In seventh grade, I was lucky enough to stumble upon the fantastic novel, “Dear Bully: Seventy Authors Tell Their Stories”. Evidently, it recalls the experiences seventy authors have had with bullying. Reading their stories, I was inspired to share my own experience with bullying. This story takes place way back when I was in elementary school.
(*All names have been changed)
I’ll never forget you. I’ve met a lot of people. The close friends, chatterboxes, super-doers- but I’ve never met anyone like you. You’ve left a bruise in my heart, and even today, the bruise stays. You showed me how subtle bullying can be. You victimized me in a way I didn’t even think about. I guess it has to do with the day we met.
Except, I can’t even say why.
I had just moved to a new school that year. I opened the door to my classroom and felt a wave of nervousness come over me. I peered in and saw you. I remember it like it was yesterday. Big brown eyes. Silky, straight black hair flowing below your shoulders and a pleasant smile on your face. Glossy lips, no flaws, and that North Face Jacket. No wonder I wanted to be your friend.
We did become friends after a few weeks. At first, you confided in me. You’d tell me some not-so-nice things about my other friends and force me to shun them. So slowly, bit-by-bit, you started gaining my trust. Once you thought you had it all, you started growing. You grew in our friendship- you took the charge, you took control. On the other hand, I started shrinking. I lost myself inside our dangerous friendship. I listened to you. I followed you. I did whatever you wanted. I trusted you.
That’s when you pulled out your malevolent weapon. You made rules. Well, no they weren’t rules really, I’d hastily reassure myself. You just didn’t like it, that’s all. You didn’t like it if I didn’t do whatever you asked. You would persuade me to do all of your favorite things. I mean, if I picked, how good would things be? You’d always have the better option. If you wanted to spend time with me, how great was that? So what if I did all of your homework? Who cares if we hung out with your friends? You’d already assured me all of my friends were losers.
After a month-or-so, you revealed your true colors. You turned into a living nightmare. Being your follower, I saw you in your disguise as a nice, kind person. By then, you had started lashing out at me. You started to ridicule me. But then, you’d apologize and blame yourself- swear you were just having a mood swing and say why, why, why were you so mean, so inconsiderate- until I would feel sorry for you and assure you that no, you weren’t a bad person. You weren’t mean or inconsiderate- it was all my fault. I’m the one who should have been saying sorry. Then, you’d cry and hug me and say, “You’re the best friend I’ve ever had.” You’d promise me you would never be mean to be again. For a few days, you would spend time with me, be all fun and games until you went back to being mean again.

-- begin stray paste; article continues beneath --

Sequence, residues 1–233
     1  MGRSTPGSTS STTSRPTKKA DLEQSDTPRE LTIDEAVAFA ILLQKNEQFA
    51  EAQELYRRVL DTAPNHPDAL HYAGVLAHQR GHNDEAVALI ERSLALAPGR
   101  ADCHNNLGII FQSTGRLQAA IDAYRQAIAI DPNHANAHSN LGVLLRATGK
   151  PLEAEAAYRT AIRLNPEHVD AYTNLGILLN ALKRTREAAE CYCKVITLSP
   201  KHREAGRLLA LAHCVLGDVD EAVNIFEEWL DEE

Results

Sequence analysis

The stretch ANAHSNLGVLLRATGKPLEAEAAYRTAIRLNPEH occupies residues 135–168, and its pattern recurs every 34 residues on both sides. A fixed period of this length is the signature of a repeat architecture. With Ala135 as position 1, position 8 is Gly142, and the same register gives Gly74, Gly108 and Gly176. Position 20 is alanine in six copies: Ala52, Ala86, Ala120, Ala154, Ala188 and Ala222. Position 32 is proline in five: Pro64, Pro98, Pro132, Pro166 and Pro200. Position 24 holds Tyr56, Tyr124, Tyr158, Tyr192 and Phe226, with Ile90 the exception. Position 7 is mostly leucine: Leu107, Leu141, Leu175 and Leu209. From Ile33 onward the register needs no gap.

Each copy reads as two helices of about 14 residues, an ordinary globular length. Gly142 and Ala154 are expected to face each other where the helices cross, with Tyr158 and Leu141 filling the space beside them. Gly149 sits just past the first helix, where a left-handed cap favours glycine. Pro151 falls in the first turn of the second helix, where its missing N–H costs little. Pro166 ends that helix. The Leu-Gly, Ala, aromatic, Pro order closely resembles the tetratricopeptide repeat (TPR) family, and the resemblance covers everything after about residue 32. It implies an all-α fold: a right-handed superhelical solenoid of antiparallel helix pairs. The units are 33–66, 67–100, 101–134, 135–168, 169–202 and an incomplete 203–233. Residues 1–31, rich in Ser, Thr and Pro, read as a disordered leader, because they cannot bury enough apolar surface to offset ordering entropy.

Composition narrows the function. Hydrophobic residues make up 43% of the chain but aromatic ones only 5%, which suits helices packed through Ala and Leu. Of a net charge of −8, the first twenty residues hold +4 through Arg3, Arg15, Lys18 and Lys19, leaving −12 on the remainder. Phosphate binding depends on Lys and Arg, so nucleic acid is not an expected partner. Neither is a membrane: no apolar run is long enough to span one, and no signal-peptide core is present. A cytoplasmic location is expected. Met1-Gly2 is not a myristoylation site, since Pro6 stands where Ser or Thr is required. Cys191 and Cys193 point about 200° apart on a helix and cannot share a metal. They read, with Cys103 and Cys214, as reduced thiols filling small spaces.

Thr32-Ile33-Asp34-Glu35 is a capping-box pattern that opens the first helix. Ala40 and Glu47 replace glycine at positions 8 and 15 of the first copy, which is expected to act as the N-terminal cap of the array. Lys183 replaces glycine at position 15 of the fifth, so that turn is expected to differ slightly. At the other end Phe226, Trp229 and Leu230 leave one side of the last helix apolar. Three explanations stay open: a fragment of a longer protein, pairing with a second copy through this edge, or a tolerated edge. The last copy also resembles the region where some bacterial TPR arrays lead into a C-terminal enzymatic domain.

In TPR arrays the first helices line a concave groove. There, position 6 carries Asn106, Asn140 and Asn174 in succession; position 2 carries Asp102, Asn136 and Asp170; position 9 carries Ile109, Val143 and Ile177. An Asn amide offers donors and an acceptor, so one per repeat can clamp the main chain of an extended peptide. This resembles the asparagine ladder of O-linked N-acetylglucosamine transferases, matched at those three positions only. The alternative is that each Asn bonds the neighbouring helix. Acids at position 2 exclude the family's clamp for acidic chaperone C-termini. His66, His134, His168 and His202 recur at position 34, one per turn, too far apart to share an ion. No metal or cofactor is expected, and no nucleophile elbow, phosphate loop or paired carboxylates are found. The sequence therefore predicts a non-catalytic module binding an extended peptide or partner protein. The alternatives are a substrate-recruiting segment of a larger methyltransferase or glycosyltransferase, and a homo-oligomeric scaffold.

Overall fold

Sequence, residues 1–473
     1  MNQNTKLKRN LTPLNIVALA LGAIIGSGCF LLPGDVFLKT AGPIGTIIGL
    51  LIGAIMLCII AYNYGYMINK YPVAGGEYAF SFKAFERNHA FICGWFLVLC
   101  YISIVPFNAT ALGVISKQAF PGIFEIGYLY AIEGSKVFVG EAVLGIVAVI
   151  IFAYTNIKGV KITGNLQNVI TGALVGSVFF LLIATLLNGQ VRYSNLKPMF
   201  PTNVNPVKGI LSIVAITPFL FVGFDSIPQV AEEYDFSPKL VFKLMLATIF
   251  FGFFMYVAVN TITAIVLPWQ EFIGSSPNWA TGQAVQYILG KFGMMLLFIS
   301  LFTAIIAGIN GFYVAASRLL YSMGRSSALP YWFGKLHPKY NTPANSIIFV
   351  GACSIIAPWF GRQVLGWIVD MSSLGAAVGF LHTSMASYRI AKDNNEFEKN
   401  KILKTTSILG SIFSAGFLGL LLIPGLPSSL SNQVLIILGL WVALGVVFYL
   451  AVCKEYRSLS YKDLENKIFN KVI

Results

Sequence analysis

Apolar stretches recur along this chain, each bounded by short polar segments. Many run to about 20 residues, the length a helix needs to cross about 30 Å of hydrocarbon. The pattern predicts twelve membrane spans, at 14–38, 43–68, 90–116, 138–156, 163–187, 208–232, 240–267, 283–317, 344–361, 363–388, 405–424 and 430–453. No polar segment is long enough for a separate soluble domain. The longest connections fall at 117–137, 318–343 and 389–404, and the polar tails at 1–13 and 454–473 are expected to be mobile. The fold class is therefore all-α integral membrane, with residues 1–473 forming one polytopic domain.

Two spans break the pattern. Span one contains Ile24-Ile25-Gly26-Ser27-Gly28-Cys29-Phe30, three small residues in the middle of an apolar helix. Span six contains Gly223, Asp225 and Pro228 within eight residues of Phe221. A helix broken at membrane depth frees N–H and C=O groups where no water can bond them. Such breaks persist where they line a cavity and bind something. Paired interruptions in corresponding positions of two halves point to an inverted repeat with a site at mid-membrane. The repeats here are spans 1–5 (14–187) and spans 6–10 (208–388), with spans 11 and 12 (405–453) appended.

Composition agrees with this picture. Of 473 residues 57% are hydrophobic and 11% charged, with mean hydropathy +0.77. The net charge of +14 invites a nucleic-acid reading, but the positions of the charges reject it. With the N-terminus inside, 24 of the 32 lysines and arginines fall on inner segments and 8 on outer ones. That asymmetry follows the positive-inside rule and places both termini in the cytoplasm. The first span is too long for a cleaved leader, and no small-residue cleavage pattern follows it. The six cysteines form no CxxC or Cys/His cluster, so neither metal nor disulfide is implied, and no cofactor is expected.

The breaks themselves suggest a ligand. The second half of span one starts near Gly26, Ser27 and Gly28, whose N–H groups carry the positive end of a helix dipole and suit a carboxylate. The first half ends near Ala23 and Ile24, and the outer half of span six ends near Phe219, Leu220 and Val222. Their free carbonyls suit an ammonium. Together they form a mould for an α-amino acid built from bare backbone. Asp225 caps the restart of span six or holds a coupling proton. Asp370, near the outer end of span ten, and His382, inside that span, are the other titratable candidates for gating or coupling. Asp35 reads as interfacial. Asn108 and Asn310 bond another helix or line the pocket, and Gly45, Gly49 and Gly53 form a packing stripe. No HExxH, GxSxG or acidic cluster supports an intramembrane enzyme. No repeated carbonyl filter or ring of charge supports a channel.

The last thing I remember about being your friend is you screaming at me for asking if you wanted to play during recess. I walked away from you, my heart shattered and tears falling down my face. That’s when I realized how fatal our friendship had been. It had eaten away at my conscience until I couldn’t even think straight. From then on, I vowed: no more bad friends. You’ve had enough, Sanjana. Don’t blind yourself just to appear stronger. See the red flags and get out. Pronto.
At first, I thought being without you meant being lonely and an outcast. But as I shut the door on greedy, manipulative friends, I found real friends. The true-blue ones that hang with you until the very end.
There’s still something I want to say to you Lily*.
Thank you for teaching me to not always trust first impressions. From your friendly disguises, I’ve learned it takes more than a first look to become someone’s real friend. You’ve shown me it’s what’s inside that truly counts.
Thank you for making me think before I start a friendship. To look down the road for red flags and danger signs. You’ve made me pay close attention to the smallest details. No longer will I blindly trust a person. No longer will I blindly let a friend hurt me with their stinging words. No longer will I hide in the darkness.
Thank you for showing me how to deal with anxiety. Every time I do something important, I remember your mocking face. If I’m scared to do something, I’ll remember you Lily.
You’ve left a scar in me which I will always remember. You’ve showed me how subtle bullying can be. You’ve victimized me in a way I still can’t imagine. You’ve left a bruise in my heart. I’ll never be the same.
No longer your victim,